William Gary Walsh
Gunnery Sergeant, United States Marine Corps
in Massachusetts, April 7, 1922, he earned the
while serving in the South Pacific with the 5th Marine Division. He was
on Iwo Jima on February 27, 1945, advancing toward Hill 362 when his company
was attacked by machine gun fire. He led an assault against the enemy position
and was killed when a grenade fell in the midst of his unit. His citation
reads in part:
"Gunnery Sergeant Walsh in a final valiant act of complete self-sacrifice, instantly threw himself upon the deadly bomb, absorbing with his own body the full and terrific force of the explosion. Through his extraordinary valor in the face of almost certain death, he saved his comrades from injury and possible loss of life and enabled his company to seize and hold this vital enemy position."
His brother, Army Chaplain Cormac Walsh, a Franciscan Priest, won four Silver Stars and a Presidential Citation for aiding wounded troops while under heavy enemy fire in Korea. Their father, a Boston fireman, died while saving people from a burning building.
Sergeant Walsh was subsequently buried with
full military honors in Section 12, Grave 487, of Arlington National Cemetery.
Son of Mr. and Mrs. Dennis A. Walsh, of Roxbury, Sergeant Walsh attended public schools in Boston before enlisting in the Marine Corps in April, 1942. He received his basic or boot training at Parris Island, South Carolina, and advanced training at Camp Lejeune, North Carolina.
From Camp Lejeune, he went to Samoa and was assigned to a unit of Marine Scouts. His next assignment was with the famed Carlson's Raiders. During this nation's war with Japan in the Pacific, the gunnery sergeant saw action at Guadalcanal, Bougainville, Tarawa, and in the Russell Islands.
Following two years of service in the Pacific theatre, he returned to the United States. He returned overseas later with the 5th Marine Division in time for the Iwo Jima invasion but during the interval in the U.S., he married Mary Louiso Ponrod, a former member of the Marine Corps Women's Reserve.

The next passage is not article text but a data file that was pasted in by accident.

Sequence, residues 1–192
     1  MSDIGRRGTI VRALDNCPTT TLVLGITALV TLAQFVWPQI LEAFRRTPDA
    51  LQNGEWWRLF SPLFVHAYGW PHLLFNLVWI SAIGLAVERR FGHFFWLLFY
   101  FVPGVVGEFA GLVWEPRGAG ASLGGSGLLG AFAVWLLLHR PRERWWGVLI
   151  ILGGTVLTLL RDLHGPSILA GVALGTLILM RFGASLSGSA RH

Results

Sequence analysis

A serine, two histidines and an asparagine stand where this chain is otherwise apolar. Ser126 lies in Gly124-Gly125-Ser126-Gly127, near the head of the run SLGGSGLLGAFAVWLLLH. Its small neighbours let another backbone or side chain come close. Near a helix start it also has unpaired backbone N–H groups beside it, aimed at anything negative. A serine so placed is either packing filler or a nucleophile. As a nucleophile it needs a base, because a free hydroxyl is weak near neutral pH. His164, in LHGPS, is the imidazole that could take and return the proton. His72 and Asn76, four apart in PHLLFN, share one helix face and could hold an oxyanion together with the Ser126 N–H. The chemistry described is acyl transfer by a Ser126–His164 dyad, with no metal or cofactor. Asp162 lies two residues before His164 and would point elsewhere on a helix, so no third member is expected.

It was at Iwo, while loading his men against a fortified hill on February 27, 1945, that the incident occurred which took his life but won for him the nation's highest military award, the Medal of Honor.
Initially buried the 5th Marine Division Cemetery on Iwo Jima, GySgt Walsh's remains were later reinterred in Arlington National' Cemetery on April 20, 1948.
WALSH, WILLIAM GARY
Rank and organization: Gunnery Sergeant, U.S. Marine Corps Reserve. Born: 7 April 1922, Roxbury, Massachusetts Accredited to: Massachusetts.
For extraordinary gallantry and intrepidity at the risk of his life above and beyond the call of duty as leader of an assault platoon, attached to Company G, 3d Battalion, 27th Marines, 5th Marine Division, in action against enemy Japanese forces at Iwo Jima, Volcano Islands on 27 February 1945. With the advance of his company toward Hill 362 disrupted by vicious machinegun fire from a forward position which guarded the approaches to this key enemy stronghold, G/Sgt. Walsh fearlessly charged at the head of his platoon against the Japanese entrenched on the ridge above him, utterly oblivious to the unrelenting fury of hostile automatic weapons fire and hand grenades employed with fanatic desperation to smash his daring assault. Thrown back by the enemy's savage resistance, he once again led his men in a seemingly impossible attack up the steep, rocky slope, boldly defiant of the annihilating streams of bullets which saturated the area. Despite his own casualty losses and the overwhelming advantage held by the Japanese in superior numbers and dominant position, he gained the ridge's top only to be subjected to an intense barrage of hand grenades thrown by the remaining Japanese staging a suicidal last stand on the reverse slope. When 1 of the grenades fell in the midst of his surviving men, huddled together in a small trench, G/Sgt. Walsh, in a final valiant act of complete self-sacrifice, instantly threw himself upon the deadly bomb, absorbing with his own body the full and terrific force of the explosion. Through his extraordinary initiative and inspiring valor in the face of almost certain death, he saved his comrades from injury and possible loss of life and enabled his company to seize and hold this vital enemy position. He gallantly gave his life for his country.
WALSH, WILLIAM GARY
Photo courtesy of Raymond L. Collins
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Updated: 15 June 2010
Photo Courtesy of Eileen Horan, June 2010